Vale Gold Diggers

Gold Diggers is over, and its anti-heroines Gertrude and Marigold Brewer have got somewhat towards their goal of marrying rich and living the easy life. But was it worth telling us their story of trying to find wealthy husbands over eight episodes? Given that the show’s schtick of talking like it’s 2023 even though it’s 1853 was getting boring in episode one, maybe not.

Gertrude and Marigold Brewer

The basic joke of Gold Diggers – and a major problem with the show was that there pretty much was only one basic joke – was that Gertie and Goldie speak like a couple of TikTokers who think they’re intelligent feminists but are actually pretty clueless. Once you get past that, it’s a low-stakes Netflix-esque drama with the occasional sight gag, odd character, or funny line. If you’re seeking big laughs, maybe catch up on Aunty Donna’s Coffee Café, which does high-concept sitcoms featuring big courtroom scenes way better, albeit with an emphasis on “anything can happen” rather than an attempt to comment on contemporary culture, as Gold Diggers kind of tries to.

Which brings us to why this show was set in the 1850s when the target is now, where social media influencers telling women to put all their energy into bagging rich husbands have supposedly been blowing up recently. There’s presumably a bit more to it than that the title, Gold Diggers, is quite a good pun for a show set during the Gold Rush, but we’re not entirely convinced. Is there anything in the show which was funnier because it was set in the 1850s? Or would setting it in the present day be too reminiscent of recent-ish ABC comedies which make similar commentary on social media influencers, like 2019’s Content.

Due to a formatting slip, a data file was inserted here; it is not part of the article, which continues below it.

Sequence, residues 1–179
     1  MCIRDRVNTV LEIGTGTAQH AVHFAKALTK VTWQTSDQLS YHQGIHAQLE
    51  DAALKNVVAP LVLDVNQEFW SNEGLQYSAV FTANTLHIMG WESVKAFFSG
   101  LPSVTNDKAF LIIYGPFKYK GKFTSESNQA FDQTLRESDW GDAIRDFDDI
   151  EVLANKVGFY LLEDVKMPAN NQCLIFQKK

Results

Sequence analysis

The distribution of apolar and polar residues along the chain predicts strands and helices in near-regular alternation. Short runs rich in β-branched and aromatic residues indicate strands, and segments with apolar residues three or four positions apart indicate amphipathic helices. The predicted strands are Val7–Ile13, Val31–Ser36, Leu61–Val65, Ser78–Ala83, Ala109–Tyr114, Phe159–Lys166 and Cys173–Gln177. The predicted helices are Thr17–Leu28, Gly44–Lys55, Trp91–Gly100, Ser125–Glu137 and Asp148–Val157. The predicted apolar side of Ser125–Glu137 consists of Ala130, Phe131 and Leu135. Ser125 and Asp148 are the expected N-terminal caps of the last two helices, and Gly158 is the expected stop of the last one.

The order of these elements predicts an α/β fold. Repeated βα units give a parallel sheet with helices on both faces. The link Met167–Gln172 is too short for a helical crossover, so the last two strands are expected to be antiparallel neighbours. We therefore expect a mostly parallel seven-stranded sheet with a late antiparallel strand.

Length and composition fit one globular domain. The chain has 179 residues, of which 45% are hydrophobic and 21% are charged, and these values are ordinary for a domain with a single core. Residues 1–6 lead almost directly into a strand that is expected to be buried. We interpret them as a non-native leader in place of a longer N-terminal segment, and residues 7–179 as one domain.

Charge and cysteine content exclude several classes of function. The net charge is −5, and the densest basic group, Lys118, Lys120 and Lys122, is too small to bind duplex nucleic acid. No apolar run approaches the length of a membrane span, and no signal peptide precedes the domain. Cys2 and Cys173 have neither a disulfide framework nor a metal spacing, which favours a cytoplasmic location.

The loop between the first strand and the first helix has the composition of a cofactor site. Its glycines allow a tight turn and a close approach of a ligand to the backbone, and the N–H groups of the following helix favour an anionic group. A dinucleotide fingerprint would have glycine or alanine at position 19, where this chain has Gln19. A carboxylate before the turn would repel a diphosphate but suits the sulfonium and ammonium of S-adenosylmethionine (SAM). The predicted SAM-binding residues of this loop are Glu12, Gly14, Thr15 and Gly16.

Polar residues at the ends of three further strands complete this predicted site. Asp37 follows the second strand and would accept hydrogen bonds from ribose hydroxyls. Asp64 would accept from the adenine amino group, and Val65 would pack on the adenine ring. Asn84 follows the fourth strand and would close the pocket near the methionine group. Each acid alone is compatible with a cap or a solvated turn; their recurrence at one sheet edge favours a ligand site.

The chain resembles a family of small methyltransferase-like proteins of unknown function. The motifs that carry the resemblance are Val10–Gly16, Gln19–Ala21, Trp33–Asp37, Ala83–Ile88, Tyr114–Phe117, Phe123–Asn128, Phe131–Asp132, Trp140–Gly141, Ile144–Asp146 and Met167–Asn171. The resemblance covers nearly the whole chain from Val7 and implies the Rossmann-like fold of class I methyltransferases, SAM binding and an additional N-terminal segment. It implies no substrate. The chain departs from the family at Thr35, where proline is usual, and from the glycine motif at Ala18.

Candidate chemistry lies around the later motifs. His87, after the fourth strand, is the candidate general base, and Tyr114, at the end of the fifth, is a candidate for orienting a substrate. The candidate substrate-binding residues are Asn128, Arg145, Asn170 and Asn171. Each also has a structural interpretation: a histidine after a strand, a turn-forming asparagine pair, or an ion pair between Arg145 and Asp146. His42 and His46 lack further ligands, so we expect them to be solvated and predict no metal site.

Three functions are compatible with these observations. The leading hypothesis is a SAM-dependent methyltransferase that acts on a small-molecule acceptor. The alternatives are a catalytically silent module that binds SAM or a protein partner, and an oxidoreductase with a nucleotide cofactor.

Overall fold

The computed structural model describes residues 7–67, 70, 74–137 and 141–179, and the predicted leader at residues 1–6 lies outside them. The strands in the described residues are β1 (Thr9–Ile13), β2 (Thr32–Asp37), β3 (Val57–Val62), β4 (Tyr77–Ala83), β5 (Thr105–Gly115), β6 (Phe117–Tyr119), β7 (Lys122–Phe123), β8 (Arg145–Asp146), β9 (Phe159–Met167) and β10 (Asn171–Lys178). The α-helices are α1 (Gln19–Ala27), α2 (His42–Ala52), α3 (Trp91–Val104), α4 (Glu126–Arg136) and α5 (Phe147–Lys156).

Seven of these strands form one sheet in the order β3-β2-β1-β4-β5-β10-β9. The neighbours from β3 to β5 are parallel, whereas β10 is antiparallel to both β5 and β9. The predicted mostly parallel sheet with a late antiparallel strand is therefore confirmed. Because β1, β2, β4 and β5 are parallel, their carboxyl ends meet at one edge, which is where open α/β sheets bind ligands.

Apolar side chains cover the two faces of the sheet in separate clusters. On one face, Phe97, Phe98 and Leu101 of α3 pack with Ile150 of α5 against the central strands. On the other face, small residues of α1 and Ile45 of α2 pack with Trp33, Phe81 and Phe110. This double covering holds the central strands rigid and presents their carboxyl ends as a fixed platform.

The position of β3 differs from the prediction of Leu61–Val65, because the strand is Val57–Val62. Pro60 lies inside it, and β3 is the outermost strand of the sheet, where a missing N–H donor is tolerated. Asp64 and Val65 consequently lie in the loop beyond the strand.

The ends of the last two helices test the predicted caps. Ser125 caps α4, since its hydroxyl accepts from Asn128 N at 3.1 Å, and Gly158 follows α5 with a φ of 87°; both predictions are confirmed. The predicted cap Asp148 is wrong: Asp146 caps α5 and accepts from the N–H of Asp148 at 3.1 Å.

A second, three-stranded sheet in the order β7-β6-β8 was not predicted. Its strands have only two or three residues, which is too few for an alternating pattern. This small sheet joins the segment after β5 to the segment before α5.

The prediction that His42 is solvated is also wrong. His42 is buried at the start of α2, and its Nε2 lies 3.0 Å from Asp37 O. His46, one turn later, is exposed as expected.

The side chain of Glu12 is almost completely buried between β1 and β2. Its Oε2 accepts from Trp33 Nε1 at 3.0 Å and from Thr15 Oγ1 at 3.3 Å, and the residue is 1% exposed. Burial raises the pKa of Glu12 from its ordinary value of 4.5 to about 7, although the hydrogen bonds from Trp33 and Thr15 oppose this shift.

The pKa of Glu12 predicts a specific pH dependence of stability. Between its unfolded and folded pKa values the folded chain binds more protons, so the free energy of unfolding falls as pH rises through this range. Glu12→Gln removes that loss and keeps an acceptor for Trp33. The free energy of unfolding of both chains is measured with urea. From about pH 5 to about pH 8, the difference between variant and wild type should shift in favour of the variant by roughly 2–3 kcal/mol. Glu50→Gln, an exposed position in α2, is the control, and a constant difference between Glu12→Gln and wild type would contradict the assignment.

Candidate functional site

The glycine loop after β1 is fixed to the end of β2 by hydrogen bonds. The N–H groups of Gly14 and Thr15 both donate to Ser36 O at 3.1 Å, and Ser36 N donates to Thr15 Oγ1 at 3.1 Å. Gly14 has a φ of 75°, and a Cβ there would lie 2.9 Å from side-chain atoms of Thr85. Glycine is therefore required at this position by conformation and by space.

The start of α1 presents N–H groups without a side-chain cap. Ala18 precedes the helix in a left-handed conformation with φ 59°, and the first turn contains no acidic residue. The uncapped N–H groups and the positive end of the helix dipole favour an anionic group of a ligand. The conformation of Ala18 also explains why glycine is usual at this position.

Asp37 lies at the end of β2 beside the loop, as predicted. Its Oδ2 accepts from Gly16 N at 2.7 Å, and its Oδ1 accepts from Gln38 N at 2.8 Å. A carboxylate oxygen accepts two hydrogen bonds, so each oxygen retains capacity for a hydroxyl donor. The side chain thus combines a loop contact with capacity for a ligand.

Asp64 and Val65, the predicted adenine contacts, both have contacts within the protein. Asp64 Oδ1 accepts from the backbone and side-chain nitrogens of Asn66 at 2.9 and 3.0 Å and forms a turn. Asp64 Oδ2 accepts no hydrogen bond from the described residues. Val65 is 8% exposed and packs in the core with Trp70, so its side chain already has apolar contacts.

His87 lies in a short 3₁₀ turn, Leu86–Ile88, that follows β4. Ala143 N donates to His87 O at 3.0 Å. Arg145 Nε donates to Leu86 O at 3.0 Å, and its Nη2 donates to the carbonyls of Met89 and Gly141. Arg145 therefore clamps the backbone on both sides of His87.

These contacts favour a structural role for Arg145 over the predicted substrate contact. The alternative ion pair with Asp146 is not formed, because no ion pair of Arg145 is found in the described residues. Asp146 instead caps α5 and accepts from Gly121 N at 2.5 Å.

Another issue is that the Brewer sisters spend way too long in a town which doesn’t have a pool of rich potential husbands. Apart from the one guy, who’s already married to an old frenemy of theirs from the big smoke. So, they must hope that either one of the miners will strike it rich or some cashed-up dude will roll into town. Which kind of doesn’t happen.

What does happen, romantically, to the sisters is the opposite of their original intent – they fall in love with non-rich people. This is a nice twist if you’re invested in the plot and find the whole marrying-for-money thing a bit sad or distasteful. But not great if you were hoping that their hooking up with rich folk would result in big laughs.

Overall, Gold Diggers failed as a comedy. The historical setting didn’t generate a lot of laughs, their gold-digging and romantic adventures didn’t generate a lot of laughs and making them both obnoxious social media influencer types didn’t generate a lot laughs. So, what was the point? And why on earth did it need to be eight episodes long?

Similar Posts
Austin Powers
Austin is the kind of series you get when the production side of television couldn’t give a rat’s arse about...
The (F)art Of…
ABC arts programming has been rubbish for years and new effort The Art Of… is no exception. Just how bad...
We Need to Talk About Colin
Colin from Accounts is back, and right from the start there’s a problem. No, not that Gordon (Patrick Brammall) and...